17. 17.

    Pachman DR, Qin R, Seisler D, Smith EM, Kaggal S, Novotny P, Ruddy KJ, Lafky JM, Ta LE, Beutler AS, et al. Comparison of oxaliplatin and paclitaxel-induced neuropathy (Alliance A151505). Support Care Cancer. 2016;24(12):5059–68.

  18. 18.

    Basch E, Jia X, Heller G, Barz A, Sit L, Fruscione M, Appawu M, Iasonos A, Atkinson T, Goldfarb S, et al. Adverse symptom event reporting by patients vs clinicians: relationships with clinical outcomes. J Natl Cancer Inst. 2009;101(23):1624–32.

  19. 19.

    Di Maio M, Gallo C, Leighl NB, Piccirillo MC, Daniele G, Nuzzo F, Gridelli C, Gebbia V, Ciardiello F, De Placido S, et al. Symptomatic toxicities experienced during anticancer treatment: agreement between patient and physician reporting in three randomized trials. J Clin Oncol. 2015;33(8):910–5.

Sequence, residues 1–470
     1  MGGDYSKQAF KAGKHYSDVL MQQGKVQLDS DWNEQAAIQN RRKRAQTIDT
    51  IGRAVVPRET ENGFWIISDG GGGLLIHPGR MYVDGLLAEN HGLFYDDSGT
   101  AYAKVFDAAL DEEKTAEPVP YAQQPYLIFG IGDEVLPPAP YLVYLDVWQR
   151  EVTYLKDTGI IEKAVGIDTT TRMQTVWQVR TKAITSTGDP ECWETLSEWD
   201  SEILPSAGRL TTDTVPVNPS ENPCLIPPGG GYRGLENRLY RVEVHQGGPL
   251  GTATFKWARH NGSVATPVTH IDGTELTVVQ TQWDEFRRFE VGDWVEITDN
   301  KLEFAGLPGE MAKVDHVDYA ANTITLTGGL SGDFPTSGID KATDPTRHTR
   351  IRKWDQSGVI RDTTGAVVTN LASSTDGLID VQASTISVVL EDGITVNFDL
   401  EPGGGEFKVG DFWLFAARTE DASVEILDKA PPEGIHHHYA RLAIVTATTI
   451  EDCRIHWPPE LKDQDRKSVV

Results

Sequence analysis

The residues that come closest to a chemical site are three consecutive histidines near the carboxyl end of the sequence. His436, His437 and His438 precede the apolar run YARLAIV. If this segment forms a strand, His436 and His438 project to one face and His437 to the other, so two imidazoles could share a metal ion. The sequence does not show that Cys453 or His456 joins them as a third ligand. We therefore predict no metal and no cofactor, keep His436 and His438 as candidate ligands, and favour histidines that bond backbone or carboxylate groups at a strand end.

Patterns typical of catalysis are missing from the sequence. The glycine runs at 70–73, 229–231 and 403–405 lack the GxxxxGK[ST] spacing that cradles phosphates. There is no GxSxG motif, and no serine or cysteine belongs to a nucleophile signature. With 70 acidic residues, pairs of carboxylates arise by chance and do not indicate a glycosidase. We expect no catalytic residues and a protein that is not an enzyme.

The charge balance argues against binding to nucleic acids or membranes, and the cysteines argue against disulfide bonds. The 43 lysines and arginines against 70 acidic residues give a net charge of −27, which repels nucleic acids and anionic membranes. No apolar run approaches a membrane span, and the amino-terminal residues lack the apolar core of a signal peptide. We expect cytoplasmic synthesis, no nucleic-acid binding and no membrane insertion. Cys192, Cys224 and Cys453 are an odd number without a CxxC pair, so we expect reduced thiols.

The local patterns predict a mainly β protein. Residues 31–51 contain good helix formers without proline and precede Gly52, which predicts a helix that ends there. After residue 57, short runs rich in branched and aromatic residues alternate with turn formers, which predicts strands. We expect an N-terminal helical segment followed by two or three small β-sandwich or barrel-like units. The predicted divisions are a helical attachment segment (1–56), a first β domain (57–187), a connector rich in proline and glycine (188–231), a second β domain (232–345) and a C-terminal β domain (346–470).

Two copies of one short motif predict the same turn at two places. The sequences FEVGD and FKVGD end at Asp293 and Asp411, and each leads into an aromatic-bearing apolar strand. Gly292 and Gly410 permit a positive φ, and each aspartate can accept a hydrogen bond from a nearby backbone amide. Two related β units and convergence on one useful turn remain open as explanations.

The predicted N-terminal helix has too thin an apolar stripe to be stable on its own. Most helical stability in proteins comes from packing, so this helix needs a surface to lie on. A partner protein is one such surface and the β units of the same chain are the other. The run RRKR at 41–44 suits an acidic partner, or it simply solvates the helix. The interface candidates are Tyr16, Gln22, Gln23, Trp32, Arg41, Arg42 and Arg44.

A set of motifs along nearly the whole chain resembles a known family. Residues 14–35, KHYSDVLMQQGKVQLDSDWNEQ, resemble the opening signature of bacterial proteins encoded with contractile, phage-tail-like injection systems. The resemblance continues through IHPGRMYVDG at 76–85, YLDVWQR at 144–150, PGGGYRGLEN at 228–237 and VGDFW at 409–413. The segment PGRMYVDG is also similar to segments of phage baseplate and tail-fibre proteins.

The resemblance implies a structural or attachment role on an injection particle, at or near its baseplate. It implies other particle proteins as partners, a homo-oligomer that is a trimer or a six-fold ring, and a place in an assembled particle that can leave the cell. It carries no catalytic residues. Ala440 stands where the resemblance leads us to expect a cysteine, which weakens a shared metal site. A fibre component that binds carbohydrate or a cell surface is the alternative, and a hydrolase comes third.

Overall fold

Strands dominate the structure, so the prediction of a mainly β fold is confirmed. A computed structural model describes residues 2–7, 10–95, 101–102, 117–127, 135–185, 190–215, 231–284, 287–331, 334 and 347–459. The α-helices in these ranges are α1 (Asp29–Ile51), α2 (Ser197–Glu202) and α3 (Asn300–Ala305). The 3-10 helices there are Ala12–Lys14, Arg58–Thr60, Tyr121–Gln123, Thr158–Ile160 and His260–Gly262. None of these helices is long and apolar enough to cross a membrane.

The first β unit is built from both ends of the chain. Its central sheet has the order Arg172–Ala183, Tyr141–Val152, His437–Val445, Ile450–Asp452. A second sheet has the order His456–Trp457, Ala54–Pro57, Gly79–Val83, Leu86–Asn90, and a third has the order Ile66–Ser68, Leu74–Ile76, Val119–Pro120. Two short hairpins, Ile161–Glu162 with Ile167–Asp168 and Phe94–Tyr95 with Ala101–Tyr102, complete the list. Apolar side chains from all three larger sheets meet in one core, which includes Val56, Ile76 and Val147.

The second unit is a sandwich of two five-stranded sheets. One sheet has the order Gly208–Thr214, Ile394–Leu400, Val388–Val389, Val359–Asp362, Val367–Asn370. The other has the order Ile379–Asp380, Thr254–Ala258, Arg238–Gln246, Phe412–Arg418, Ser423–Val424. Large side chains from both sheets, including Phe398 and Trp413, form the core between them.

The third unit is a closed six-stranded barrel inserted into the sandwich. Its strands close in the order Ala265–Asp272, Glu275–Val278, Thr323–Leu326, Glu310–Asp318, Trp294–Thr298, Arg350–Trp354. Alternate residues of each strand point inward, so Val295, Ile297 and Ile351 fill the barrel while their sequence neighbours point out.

20. 20.

    Kuroi K, Shimozuma K, Ohashi Y, Takeuchi A, Aranishi T, Morita S, Ohsumi S, Watanabe T, Bain S, Hausheer FH. A questionnaire survey of physicians' perspectives regarding the assessment of chemotherapy-induced peripheral neuropathy in patients with breast cancer. Jpn J Clin Oncol. 2008;38(11):748–54.

  21. 21.

    Shimozuma K, Ohashi Y, Takeuchi A, Aranishi T, Morita S, Kuroi K, Ohsumi S, Makino H, Mukai H, Katsumata N, et al. Feasibility and validity of the patient neurotoxicity questionnaire during taxane chemotherapy in a phase III randomized trial in patients with breast cancer: N-SAS BC 02. Support Care Cancer. 2009;17(12):1483–91.

  22. 22.